“Thanks, Stella, no.” The waitress toddled off back to her station and picked up her Didgireader, swiped at its screen and ignored them again. Frank studied Hansen.

“Is he a rival of yours? Or an ex lover?”

“Usually I do the interrogations.”

“Did you have an affair with Jurgens?”

“It was just sex,” Hansen said. “I didn’t expect any favors out of it.”

“Was it ‘just sex’ for him?”

“He wanted a return match, but he wasn’t my cup of tea.” Hansen nodded shortly, and looked back at Frank. “You think Katie Lassiter ---?”

“I think she picked him up one night at the Slip Ribbon so her girlfriend Fallon could watch,” Frank said. “He’s an obsessive type, our Captain Jurgens. Always enjoyed a pretty girl here and there when it was convenient.

“Anyone know about the two of you?”

Hansen searched the tabletop. “I don’t gossip.”

“He couldn’t be sure, though. Who in your circle would he be afraid of?” Frank was turning his fork over and over as he talked.

“Commissioner Briscoe is my uncle,” Hansen said.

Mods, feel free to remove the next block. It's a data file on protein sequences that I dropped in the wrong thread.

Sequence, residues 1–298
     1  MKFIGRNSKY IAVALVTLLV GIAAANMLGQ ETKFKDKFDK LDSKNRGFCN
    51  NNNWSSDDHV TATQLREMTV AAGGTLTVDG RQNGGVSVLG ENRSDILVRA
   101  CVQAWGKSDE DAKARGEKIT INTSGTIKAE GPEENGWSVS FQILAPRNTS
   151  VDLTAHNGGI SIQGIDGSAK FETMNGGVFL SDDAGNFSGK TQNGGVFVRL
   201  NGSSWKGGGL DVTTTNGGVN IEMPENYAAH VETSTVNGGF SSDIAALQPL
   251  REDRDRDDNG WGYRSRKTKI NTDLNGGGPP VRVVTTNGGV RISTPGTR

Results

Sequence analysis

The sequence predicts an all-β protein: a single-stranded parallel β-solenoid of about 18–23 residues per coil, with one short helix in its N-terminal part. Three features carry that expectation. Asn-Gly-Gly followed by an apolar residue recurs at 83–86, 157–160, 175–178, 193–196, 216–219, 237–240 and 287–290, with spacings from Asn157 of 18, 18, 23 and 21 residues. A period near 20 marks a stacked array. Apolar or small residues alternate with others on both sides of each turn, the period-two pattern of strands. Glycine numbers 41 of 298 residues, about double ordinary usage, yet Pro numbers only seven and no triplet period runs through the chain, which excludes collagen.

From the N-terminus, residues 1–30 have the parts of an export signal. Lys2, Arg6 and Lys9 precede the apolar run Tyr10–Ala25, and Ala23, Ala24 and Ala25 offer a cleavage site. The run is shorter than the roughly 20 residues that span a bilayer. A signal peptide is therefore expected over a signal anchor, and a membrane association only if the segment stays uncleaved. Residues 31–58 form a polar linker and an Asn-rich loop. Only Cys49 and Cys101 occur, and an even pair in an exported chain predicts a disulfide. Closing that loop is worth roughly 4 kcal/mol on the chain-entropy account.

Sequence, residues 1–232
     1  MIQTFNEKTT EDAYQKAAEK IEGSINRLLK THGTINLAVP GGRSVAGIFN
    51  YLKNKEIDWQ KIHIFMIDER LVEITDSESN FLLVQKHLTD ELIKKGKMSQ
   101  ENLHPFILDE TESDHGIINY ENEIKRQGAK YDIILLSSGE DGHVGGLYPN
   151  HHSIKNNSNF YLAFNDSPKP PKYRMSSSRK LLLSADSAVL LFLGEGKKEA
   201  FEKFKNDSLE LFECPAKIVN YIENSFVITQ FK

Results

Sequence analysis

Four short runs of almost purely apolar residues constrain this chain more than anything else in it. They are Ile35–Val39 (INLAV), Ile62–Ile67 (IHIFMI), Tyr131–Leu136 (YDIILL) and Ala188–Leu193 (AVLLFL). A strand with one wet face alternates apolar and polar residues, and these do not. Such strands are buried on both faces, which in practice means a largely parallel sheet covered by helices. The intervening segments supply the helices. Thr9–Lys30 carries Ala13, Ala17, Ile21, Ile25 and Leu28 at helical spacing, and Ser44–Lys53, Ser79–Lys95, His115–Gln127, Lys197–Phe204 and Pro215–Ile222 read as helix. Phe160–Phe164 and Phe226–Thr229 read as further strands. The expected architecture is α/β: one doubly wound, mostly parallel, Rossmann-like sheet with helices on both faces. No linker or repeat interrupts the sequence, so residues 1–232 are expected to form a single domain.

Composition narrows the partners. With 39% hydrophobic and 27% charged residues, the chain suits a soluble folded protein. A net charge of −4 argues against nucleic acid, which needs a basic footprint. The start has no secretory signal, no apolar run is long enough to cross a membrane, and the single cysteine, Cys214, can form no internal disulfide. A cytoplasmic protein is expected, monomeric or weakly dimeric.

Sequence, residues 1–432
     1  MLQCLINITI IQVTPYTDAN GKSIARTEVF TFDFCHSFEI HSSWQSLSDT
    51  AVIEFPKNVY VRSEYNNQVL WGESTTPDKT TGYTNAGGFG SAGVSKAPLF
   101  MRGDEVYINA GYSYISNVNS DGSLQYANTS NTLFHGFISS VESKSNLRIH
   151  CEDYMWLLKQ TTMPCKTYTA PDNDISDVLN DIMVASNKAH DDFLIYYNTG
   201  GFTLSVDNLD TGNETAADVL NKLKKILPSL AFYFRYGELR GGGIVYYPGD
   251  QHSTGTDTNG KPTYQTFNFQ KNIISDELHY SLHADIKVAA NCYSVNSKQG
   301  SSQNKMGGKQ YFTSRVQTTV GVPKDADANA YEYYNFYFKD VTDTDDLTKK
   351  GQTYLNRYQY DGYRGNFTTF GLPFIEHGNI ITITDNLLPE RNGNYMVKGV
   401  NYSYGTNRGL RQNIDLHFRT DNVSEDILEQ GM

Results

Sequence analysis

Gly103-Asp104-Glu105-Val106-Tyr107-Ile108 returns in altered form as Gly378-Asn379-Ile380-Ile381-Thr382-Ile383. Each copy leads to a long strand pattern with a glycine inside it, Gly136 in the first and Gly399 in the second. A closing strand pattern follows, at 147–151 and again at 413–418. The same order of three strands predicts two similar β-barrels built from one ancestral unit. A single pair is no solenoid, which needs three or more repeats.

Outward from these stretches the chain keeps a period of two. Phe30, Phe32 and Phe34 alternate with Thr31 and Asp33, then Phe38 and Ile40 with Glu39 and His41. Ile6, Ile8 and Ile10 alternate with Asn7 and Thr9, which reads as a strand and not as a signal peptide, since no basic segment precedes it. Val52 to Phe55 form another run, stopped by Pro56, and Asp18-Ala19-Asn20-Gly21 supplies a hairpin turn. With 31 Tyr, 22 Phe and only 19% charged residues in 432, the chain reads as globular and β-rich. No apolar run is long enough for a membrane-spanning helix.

“Really.”

“No favors, though. I’ve earned what I’ve gotten.”

“Except Jurgens thinks you’re sleeping your way to the top and that he was a step on the ladder.” Frank put the fork down and folded his hands. “It’s starting to make some sense. He killed Katie Lassiter.”



Deeper the Well concludes in Part IV next Wednesday! Click Here.


©2009 By Jason Arnett.
Some Rights Reserved under a Creative Commons Attribution-
Noncommercial-No Derivative Works 3.0 United States




Can’t wait? You can buy the whole story for 49¢ by clicking on the button below and I’ll send you a DRM-free PDF via email!







Wednesday, August 12, 2009

Deeper the Well 2





Frank closed the phone and motioned the barista over. “Any idea who that was? They give you a name?”

“No, sir,” the barista said. “Just asked for the old guy with the duffel bag.” He indicated the rest of the tables. “Since you’re the only one here who…”

Frank looked around the room and saw two other coffee drinkers: a balding, bearded man tapping away at a portable keyboard connected to his phone and a good-looking, dark-skinned woman browsing a touchscreen Didgireader. He turned and looked at the window of the shop and saw a young woman with dark glasses, a short skirt and black leather coat smiling at him. She waved her phone and cocked her head. Frank dropped a bill on the table, shouldered his bag and went outside.